Be familiar with the food and drink needs as well as equipment and clothing requirements of your runner so that you will have the proper supplies ready when she/he arrives at the aid station. Pay particular attention to electrolyte depletion your runner may be facing. Please assist race management in keeping the trail and aid stations free of litter.
Be sure your runner checks IN and OUT OF the aid stations. If the decision to drop out becomes necessary, please be aware dropping out must be done ONLY at the aid stations, race officials must be notified, AND THE PAPERWORK COMPLETED BEFORE LEAVING THE COURSE! Runners can be held financially responsible for Search and Rescue attempts because of improperly dropping out.
The most important function of any crew or pacer is to insure the safety of their runner. Know your runner's strong and weak points. Pacers are very helpful to their runners if they learn the course they will be pacing and the approximate distances to various landmarks. Familiarize yourself with the symptoms of dehydration, hypothermia and altitude sickness. Ultrarunners frequently brag about "being dead and buried" at various times during the race and yet somehow continue on to finish the race. There is a very fine line between discomfort and real distress. There is difficulty balancing the need for runners to face and overcome adversity and the need to avoid serious injury. Most runners will experience mild symptoms, but will be able to keep running or at least walking. Don't unnecessarily discourage your runner, but watch out for potentially serious problems. Participants will often feel better by just leaving the aid station and getting moving again. Runners will all have highs and lows and the lows usually get lower later in the race.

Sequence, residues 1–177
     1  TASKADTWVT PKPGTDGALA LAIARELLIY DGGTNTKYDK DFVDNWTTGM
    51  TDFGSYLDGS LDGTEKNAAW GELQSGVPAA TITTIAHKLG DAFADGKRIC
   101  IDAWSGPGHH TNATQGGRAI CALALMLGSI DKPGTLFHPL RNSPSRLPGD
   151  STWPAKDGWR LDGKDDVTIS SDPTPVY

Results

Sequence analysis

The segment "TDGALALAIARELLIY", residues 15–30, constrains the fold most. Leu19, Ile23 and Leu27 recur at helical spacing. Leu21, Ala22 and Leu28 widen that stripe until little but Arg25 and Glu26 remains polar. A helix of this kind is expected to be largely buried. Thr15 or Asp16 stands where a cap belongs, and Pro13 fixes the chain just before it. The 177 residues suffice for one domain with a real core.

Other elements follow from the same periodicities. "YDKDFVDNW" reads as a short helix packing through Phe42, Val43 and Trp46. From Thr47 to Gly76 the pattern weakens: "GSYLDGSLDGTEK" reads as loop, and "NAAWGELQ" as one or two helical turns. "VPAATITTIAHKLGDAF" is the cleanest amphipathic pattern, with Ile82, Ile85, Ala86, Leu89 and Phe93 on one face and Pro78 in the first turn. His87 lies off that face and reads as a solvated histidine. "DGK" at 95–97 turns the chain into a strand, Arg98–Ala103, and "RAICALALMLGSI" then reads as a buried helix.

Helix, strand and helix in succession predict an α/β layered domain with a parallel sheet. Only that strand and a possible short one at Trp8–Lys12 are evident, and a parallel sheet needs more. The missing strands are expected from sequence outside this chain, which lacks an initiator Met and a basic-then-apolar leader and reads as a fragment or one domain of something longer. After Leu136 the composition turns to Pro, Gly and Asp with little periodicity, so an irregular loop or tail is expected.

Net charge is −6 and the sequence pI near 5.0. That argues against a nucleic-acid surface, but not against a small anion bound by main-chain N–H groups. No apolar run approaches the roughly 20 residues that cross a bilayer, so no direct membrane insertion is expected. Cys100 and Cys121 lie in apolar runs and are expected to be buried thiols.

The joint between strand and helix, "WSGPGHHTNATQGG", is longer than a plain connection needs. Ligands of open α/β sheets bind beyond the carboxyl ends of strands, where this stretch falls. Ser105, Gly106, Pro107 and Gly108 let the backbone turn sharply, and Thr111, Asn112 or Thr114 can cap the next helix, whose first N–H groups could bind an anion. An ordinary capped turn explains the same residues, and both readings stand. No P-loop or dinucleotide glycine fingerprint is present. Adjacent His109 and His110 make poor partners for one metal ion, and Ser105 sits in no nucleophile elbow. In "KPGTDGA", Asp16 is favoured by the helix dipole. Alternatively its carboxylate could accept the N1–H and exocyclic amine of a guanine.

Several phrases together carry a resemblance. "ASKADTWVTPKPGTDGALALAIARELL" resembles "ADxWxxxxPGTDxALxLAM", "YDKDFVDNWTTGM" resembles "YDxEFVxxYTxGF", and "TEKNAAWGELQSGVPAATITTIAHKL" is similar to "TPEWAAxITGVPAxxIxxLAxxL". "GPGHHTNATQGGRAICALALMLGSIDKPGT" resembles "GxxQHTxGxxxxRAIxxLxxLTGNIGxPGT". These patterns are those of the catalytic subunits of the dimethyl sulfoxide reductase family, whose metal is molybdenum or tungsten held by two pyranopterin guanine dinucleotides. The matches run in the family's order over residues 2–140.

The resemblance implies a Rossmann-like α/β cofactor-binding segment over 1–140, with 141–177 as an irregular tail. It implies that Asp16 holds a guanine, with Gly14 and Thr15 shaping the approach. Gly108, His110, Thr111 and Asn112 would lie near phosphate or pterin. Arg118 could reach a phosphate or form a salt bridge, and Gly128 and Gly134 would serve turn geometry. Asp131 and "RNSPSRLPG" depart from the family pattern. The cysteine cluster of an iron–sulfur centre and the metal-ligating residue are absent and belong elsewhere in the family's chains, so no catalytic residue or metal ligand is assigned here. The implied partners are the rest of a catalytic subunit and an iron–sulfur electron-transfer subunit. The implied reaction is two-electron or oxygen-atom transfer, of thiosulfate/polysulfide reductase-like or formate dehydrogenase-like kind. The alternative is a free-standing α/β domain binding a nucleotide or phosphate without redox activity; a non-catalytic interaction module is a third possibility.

Good luck with the pep talks!
Transportation To The Start: We request that no one leave cars at the start as there is very limited parking. There will be buses to transport runners to the start from downtown Salt Lake City and we encourage runners to use this service. There is no additional charge to ride the bus. Runners who ride the bus and wish to leave items at the start may bring a drop bag on the bus and leave it at the start. These drop bags may be picked up at the finish with the other drop bags.
Weather: Temperatures during the race have typically ranged from 25 to 85 F. Often there is mild, perfect-running weather, however, one year fresh snow fell on Catherine's Pass with a wind chill measured below zero, and another had trail temperatures at sometimes over 100 F. Another year was rainy and muddy both days with low clouds limiting visibility. Humidity in Utah is often very low and may contribute to severe dehydration without the proper fluid intake.
Be Prepared: This event is extremely demanding, and should only be undertaken by athletes in excellent physical condition. All entrants should be familiar with basic first-aid, and know the symptoms and treatment for heat exhaustion, hypothermia, frostbite, and altitude sickness. Some course sections between aid stations exceed nine miles. Runners should be well-equipped to care for themselves and effect self-rescue if necessary. Only runners who can demonstrate successful ultrarunning experience or its equivalent will be considered for entry.
Training Runs: The Race Committee highly recommends that you run as much of the course as possible before race day. For information about informal training runs and trail conditions information please watch the Bulletins section of the web page.